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This article retrieves Sara Ruddick’s Maternal Thinking as a resource for analyzing contemporary activism by mothers advocating for gun control and police reform. Concerns about ethnocentrism and gender essentialism have discouraged engagement with maternal thinking. However, self-identified “moms” continue an historical pattern of protecting their children through public advocacy on social issues. Given the role that maternal identity plays in political activism, feminist ethics must continue to develop robust theoretical resources for analysis and critique. Sara Ruddick’s Maternal Thinking should remain part of that repertoire.
book reviews
12. Journal of the Society of Christian Ethics: Volume > 40 > Issue: 2
D. Stephen Long Religion and the Field Negro: On Black Secularism and Black Theology, by Vincent W. Lloyd; and Break Every Yoke: Religions, Justice, and the Abolition of Prisons, by Joshua Dubler and Vincent W. Lloyd
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13. Journal of the Society of Christian Ethics: Volume > 40 > Issue: 2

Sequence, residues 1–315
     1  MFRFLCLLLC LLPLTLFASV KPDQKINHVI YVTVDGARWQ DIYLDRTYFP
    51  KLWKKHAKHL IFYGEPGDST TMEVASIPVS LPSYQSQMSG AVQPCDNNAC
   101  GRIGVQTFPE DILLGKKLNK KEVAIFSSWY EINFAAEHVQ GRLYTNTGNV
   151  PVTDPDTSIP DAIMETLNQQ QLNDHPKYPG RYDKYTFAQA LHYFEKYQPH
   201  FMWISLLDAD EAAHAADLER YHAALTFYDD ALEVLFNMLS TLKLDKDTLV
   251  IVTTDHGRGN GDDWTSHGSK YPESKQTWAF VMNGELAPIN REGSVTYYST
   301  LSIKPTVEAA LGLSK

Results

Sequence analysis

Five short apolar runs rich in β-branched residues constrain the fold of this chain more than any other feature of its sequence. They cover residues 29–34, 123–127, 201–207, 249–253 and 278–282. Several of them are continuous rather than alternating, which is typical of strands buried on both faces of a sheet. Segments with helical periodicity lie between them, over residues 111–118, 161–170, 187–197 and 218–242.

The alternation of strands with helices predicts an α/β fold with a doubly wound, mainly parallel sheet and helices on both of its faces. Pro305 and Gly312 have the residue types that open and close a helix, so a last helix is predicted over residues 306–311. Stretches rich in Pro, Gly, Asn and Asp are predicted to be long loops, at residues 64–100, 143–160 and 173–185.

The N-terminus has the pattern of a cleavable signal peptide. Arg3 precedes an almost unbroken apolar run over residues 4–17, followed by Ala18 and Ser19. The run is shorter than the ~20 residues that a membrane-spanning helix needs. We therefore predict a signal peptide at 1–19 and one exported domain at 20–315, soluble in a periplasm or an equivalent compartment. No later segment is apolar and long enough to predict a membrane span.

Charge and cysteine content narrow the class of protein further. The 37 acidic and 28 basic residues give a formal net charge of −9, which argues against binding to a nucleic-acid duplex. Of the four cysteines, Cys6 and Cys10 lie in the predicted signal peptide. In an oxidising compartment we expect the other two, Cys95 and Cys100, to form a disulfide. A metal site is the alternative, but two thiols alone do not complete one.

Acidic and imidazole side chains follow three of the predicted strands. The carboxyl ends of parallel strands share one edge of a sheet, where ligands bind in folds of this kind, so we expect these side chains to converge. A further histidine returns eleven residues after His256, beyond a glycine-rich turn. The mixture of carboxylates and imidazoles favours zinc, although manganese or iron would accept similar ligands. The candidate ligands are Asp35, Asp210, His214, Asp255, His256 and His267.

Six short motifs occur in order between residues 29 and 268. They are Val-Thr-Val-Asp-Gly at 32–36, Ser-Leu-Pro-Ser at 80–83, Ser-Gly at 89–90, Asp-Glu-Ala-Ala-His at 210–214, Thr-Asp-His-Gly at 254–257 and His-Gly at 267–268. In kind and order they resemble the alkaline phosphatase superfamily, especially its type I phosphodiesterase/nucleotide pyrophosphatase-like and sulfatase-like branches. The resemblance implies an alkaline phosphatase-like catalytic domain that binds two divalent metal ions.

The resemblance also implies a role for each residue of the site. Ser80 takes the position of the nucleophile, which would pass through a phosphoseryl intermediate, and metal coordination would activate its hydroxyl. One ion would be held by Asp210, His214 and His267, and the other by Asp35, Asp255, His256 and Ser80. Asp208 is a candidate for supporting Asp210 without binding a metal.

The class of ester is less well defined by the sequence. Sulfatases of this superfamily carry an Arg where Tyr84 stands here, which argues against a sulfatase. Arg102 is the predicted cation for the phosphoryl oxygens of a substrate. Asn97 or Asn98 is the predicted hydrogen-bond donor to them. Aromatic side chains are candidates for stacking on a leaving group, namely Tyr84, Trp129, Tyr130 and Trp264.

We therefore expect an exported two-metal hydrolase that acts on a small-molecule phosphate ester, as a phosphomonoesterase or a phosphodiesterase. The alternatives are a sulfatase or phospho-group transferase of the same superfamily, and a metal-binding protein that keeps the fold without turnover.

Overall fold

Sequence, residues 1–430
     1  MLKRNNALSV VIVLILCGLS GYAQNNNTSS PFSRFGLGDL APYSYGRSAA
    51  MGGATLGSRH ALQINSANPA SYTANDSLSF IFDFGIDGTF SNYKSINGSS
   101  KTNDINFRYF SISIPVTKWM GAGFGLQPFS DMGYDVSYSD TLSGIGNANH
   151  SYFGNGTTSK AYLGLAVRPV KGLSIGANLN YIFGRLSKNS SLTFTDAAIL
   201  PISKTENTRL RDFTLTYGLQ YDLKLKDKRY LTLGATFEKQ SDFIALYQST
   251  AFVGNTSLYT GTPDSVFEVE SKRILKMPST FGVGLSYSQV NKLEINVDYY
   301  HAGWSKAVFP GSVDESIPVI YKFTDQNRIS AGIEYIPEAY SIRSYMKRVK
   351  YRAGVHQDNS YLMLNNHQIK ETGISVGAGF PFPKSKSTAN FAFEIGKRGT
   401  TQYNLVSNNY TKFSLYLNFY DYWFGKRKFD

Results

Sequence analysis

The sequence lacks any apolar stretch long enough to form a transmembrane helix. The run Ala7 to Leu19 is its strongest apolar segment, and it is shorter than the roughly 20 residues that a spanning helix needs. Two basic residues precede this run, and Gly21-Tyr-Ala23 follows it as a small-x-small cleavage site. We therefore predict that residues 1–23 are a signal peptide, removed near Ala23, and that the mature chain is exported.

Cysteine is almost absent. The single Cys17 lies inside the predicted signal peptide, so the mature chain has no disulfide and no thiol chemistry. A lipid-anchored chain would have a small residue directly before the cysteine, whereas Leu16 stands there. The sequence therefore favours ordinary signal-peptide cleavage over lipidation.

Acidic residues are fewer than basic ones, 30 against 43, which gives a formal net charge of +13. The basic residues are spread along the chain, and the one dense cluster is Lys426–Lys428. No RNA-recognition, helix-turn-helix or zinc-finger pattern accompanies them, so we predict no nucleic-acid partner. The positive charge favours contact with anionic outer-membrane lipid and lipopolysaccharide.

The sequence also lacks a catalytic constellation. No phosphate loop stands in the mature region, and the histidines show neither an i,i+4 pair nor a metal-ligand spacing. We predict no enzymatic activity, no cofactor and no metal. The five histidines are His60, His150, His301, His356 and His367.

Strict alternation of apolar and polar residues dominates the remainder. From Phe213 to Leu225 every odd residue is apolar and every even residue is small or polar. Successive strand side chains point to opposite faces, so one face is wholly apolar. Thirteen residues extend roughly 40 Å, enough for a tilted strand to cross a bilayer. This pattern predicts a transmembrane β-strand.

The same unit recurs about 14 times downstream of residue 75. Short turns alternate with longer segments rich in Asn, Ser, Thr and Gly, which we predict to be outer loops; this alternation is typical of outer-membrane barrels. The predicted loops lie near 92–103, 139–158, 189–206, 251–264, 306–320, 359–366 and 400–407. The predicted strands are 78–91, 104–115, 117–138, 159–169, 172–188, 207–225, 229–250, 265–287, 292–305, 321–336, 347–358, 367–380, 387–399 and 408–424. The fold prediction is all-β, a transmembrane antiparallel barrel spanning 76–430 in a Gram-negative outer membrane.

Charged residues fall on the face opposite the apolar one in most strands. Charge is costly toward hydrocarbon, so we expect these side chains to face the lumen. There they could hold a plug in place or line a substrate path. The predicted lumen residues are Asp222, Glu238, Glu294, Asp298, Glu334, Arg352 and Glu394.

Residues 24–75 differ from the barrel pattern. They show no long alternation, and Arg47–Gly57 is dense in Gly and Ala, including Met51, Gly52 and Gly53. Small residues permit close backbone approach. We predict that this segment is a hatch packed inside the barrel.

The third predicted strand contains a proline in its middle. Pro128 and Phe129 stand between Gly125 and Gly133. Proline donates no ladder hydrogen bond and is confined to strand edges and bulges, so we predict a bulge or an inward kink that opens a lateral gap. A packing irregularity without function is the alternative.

Andrew Packman Disciplined by Race: Theological Ethics and the Problem of Asian American Identity, by Ki Joo Choi
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14. Journal of the Society of Christian Ethics: Volume > 40 > Issue: 2
Julie Mavity Maddalena Raising White Kids: Bringing Up Children in a Racially Unjust America, by Jennifer Harvey
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15. Journal of the Society of Christian Ethics: Volume > 40 > Issue: 2
Mary Beth Yount Journal of Moral Theology, Special Issue on Contingency and Catholic Colleges, edited by Matthew J. Gaudet and James Keenan, S.J.
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16. Journal of the Society of Christian Ethics: Volume > 40 > Issue: 2
Ramon Luzarraga Russian Orthodoxy and the Russo-Japanese War, by Betsy Perabo
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17. Journal of the Society of Christian Ethics: Volume > 40 > Issue: 2
David L. Stubbs Orthodox Christian Perspectives on War, edited by Perry T. Hamalis and Valerie A. Karras
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18. Journal of the Society of Christian Ethics: Volume > 40 > Issue: 2
Kristyn Sessions ¡Presente! Nonviolent Politics and the Resurrection of the Dead, by Kyle B. T. Lambelet
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19. Journal of the Society of Christian Ethics: Volume > 40 > Issue: 2
Stewart Herman Christianity, Politics and the Predicament of Evil: A Constructive Theological Ethic of Soulcraft and Statecraft, by Bradley B. Burroughs
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20. Journal of the Society of Christian Ethics: Volume > 40 > Issue: 2
Isaac Kim The Immortal Commonwealth: Covenant, Community, and Political Resistance in Early Reformed Thought, by David P. Henreckson